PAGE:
Gardeners in more southern climates will likely not get Pansies to last through summer, but if they start the seeds in late summer for fall color, there’s an excellent chance the plants will bloom well into winter, or even (in warmer climes) straight through to spring! Today’s Pansies are far hardier and more resilient than the ones your parents grew. If you haven’t grown them lately, give them another look!
Chocolate Covered Cherry Coleus
We have a winner! From germination through transplant, this foliage plant is easy and vigorous, with a gardener in Texas describing the color as “vibrant” and “luminous.” All Coleus are beautiful, but this one is really winning hearts. That same Texas gardener declares:
“These will always be in my flower beds as long as I’m able to garden!”
Petunia Easy Wave Beachcomber Mix
This dreamy mix from the vigorous, super-popular Easy Wave series garnered raves. Compared to traditional Wave Petunias, Easy Waves are more mounded, so they look fuller and bushier (but don’t trail quite as much). The combination of light pink, coral, and deep blue is entrancing, and the pelleted seed makes them easy to sow. (Raw Petunia seed is microscopic.)
The only issue we heard about was the absence of one color in a Maine gardener’s seed packet. This gardener had “near perfect germination” and speculated that the unsprouted seeds must have been the missing color. But, as can happen with a mix, sometimes not all the colors are present in a single packet. (See Cupcakes Cosmos Mix below for more about this!)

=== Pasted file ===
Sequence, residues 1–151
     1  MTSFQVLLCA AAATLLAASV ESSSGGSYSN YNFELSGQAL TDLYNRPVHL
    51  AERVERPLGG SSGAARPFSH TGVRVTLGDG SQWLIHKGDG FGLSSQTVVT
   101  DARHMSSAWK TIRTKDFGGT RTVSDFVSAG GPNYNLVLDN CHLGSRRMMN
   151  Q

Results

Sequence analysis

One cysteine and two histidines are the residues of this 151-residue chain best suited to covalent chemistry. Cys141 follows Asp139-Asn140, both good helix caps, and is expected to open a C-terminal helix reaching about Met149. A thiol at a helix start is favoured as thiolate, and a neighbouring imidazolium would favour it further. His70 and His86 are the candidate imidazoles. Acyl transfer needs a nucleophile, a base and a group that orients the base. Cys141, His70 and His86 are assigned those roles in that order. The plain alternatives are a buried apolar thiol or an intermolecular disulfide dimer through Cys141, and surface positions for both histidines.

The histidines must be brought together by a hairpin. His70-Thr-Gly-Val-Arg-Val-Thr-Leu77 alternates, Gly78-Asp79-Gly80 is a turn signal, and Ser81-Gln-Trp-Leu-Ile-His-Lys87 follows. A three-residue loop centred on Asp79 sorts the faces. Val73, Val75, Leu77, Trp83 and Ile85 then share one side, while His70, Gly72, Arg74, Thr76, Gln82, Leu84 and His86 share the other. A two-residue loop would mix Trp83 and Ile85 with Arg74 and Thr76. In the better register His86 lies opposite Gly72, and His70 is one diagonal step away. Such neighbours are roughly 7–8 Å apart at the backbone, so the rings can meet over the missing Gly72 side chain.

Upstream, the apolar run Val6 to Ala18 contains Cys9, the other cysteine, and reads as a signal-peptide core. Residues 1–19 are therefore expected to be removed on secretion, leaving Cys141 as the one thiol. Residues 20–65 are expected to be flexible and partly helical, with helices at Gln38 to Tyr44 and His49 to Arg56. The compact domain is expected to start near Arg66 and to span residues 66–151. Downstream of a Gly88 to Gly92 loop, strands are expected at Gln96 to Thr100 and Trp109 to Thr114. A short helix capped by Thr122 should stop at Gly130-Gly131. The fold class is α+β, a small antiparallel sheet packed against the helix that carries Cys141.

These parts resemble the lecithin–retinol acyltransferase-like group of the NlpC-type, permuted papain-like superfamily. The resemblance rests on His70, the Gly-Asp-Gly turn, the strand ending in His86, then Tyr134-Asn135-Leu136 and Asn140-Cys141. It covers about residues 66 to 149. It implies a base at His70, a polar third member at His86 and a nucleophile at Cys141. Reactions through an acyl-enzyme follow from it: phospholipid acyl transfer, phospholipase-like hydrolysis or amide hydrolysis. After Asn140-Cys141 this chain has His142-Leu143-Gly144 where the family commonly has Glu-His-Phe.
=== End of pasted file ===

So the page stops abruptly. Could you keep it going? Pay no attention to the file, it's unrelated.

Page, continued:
Even the gardener who had only 2 of the colors declared the planting “absolutely gorgeous,” so we are confident that Beachcomber will be popular for many seasons to come.
Cupcakes Cosmos Mix
One of the biggest sensations in recent years, Cupcakes introduces a whole new flower form for super-easy, sun-loving Cosmos. It was so popular in England that growers ran out of seed for spring 2016 — something that happens a lot with plants, but seldom with seed.
Cupcakes earns its popularity with its amazing fringed bowl flower form. But you will probably not get 100% cupcake-shaped blooms. Especially toward the end of the season, some may be single daisies that look like traditional C. bipinnatus flowers. And this is not a formula mix. (A formula mix contains approximately the same number of seeds of each color in the mix; for example, if the mix has 3 colors and the seed packet contains 10 seeds, you would expect about 3 seeds of each color.) As the image shows, Cupcakes Mix is predominately white-flowered, with a few pinks and the occasional mauve.
Here is a 4-star review from a gardener in South Carolina, reflecting both disappointment at the color blend/flower shape and delight at the garden performance of Cupcakes Mix:
“These are strong, healthy plants, full of blooms. In the first week of May they are about three feet tall and pretty much covered with flowers. But they are not exactly what I was expecting. Not all of the flowers are those pretty cupcake shapes, with the double curving petals. More than half of them are just a simple daisy pattern. And the mix of colors are about 80% white, 15% a very pale pink, and 5% a pretty mauve. I think of the whole seed packet, only one plant is mauve. The bed of flowers are pretty and healthy, just not what I expected from the picture and the description.”
We think we should have emphasized the uneven color blend more strongly in our website copy, and have changed it to reflect this, as well as to explain that this is an open-pollinated mix that may produce some singles as well as “cupcakes.”